Christmas ride to Cagnes

Author: fraise

Friday 27 December 2013, in Cycling, La France, Travel

La Cagne - river through Cagnes

The town of Cagnes-sur-mer is named after the small river that flows through it, La Cagne, Provençal for chienne, the feminine form of “dog”. Considering how popular dogs are on the Riviera in our modern times, it is fun to watch them trot alongside their human companions and think, “dogs on the sea”, the literal translation of cagnes sur mer.

We’ve had a rainy Christmas, but the sun finally came out today. I hopped on my bike and rode to Cagnes along what used to be my commuting route to the client I was working with. If you stay along the sea, it’s a very easy ride, and quite picturesque. If you don’t mind climbing 15-20% grades, you can also ride up the castle hill in city center, or another hill (described below) to get this view I had on my commute:

Cagnes in the morning sun

Route from Nice city center
Overview: about 30km round trip; 32 if you go up either hill. Very little elevation change unless you decide to climb, in which case you’ll have 75-100 metres elevation change over about 500 metres distance. That’s 15-20%, and they are narrow, curvy roads also used by cars.

Map: IGN Cannes-Grasse “Carte de randonnée” n°3643, at 1:25,000, or 1cm=250m.

Take the Promenade des Anglais out of Nice, and stay on it. If you take the bike lanes, do be aware that there are several stop signs along the way, and once you reach Cagnes, there is a strictly-enforced cycling speed limit of 10kmh. That’s just over 6mph. Great for easygoing sightseeing, but I coast at that speed. If you’re like me and average 20-30kmh, it’s much easier and more pleasant to stay on the road.

Once you reach Cagnes, you can either stay on the Promenade, or go into the city. The nicest way to reach city center is to go along the canal of La Cagne, shown in the first photo. There’s a painted bike lane, and trees separate it from a larger walking promenade along the edge of the canal. You often see geese and ducks, and always children playing, people walking dogs, and so forth. The only tricky bit is the passage beneath the railway line and autoroute, which is quite dark – slow down in case of oncoming bike traffic. I’ve also crossed motorized scooters there. Normally they’re not allowed, but some cut through at that crossing. You shouldn’t have to worry about them elsewhere along the bike lane.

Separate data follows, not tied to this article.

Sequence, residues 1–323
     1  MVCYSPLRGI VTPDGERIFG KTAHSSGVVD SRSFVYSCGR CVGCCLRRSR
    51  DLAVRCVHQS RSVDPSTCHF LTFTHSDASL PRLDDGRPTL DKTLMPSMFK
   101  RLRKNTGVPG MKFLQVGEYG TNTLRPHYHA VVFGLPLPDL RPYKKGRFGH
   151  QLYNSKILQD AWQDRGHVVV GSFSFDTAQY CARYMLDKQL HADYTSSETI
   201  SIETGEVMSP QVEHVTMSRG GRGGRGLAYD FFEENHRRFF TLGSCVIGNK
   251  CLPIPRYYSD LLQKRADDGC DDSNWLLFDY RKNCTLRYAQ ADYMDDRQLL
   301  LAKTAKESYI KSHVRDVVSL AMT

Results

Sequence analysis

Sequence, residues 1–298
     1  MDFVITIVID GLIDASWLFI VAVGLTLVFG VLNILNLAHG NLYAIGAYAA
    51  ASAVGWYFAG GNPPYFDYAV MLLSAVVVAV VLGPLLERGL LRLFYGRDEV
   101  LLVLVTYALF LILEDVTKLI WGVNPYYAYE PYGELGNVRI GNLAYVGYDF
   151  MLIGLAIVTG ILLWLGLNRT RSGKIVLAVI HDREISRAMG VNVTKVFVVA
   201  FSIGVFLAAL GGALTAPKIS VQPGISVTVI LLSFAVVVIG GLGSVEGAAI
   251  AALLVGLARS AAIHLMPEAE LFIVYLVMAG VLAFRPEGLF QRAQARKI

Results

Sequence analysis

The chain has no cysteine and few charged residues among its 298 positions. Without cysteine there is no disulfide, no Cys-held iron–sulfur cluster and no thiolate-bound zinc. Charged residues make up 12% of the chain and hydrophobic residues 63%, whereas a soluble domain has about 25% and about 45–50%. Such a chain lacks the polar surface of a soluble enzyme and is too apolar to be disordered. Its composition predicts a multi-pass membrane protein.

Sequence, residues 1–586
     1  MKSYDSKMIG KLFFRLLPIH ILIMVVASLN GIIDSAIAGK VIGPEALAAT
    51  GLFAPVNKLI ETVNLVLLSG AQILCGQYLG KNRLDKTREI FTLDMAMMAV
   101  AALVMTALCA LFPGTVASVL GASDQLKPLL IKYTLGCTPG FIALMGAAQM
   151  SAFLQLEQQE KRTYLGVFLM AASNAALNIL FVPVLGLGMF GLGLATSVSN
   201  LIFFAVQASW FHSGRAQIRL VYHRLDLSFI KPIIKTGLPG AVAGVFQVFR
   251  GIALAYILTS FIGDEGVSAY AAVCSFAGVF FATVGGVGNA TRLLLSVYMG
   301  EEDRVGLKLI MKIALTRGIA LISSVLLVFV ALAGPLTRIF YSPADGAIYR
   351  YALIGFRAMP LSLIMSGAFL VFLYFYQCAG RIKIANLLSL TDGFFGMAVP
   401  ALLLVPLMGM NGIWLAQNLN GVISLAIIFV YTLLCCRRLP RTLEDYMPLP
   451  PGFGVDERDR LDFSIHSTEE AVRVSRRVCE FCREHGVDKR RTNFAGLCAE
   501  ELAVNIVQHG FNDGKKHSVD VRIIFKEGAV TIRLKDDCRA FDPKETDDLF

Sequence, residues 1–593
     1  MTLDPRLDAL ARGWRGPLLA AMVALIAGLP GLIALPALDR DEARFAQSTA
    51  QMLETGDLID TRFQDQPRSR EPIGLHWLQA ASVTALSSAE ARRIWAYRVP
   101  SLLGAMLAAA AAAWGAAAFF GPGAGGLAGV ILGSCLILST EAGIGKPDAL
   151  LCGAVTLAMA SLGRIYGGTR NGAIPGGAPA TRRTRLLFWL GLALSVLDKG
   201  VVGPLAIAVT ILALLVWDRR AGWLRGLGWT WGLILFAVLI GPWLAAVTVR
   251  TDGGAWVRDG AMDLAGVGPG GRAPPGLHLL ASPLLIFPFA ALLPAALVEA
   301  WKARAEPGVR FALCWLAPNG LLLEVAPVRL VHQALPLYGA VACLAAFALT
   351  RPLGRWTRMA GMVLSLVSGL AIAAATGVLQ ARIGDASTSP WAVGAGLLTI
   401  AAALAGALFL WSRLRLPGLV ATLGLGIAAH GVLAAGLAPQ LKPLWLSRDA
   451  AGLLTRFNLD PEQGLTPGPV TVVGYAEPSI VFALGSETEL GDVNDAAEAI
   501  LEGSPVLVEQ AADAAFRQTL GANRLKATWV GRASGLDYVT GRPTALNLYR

Then it gets a bit tricky. There’s a large parking lot which you can continue to follow up north, if you want to go to the castle hill. It’s not always easy to follow the bike lane, so keep your eyes peeled for its green paint. You’ll reach a large intersection with a few bus stops: follow signs for la colline du château / vieille ville (either or both terms may be used). Watch out for pedestrians.

To get the same view I had, take a sharp left after the underpass. Go straight until you reach an intersection with a small, forested park across the streets. The intersection is full of strange angles; you’ll be going west-northwest up Rue Pasqualini. The end of Pasqualini gives onto another strange intersection: go straight uphill. After crossing the intersection, you’ll take the second right at the tiny roundabout, up Chemin de l’Hubac. This is where your climb starts.

Chemin de l’Hubac isn’t too rough when you know it. The first climb has a couple corners and is rather short, after which you’ll have a breather. But then there’s a very steep section, followed by another breather, then it climbs a third time. The second climb is the most difficult. Stay on Hubac, don’t turn onto other streets. Once you’ve reached the top, you’ll be greeted with a panoramic view of Cagnes’ castle hill and the Mediterranean. There’s not much beyond that, but it is worth it for the sightseeing.

On the way back, the Promenade road (not bike lanes) is more stressful. I’m not sure why – perhaps because drivers more easily see the protected bike lanes going this direction – but cars and buses get very honk-happy and crotchety when passing road cyclists on this segment. All my worst experiences with drivers have been here. You do have the right to use the road, of course. I’ve never seen all the car lanes full, even at rush hour there’s usually an empty lane. It is better if you’re a fast rider. That said, there have been days that I’ve swapped to the bike lanes just to avoid possessive drivers.

Enjoy the fresh sea air and sights!

Cycling in Cagnes

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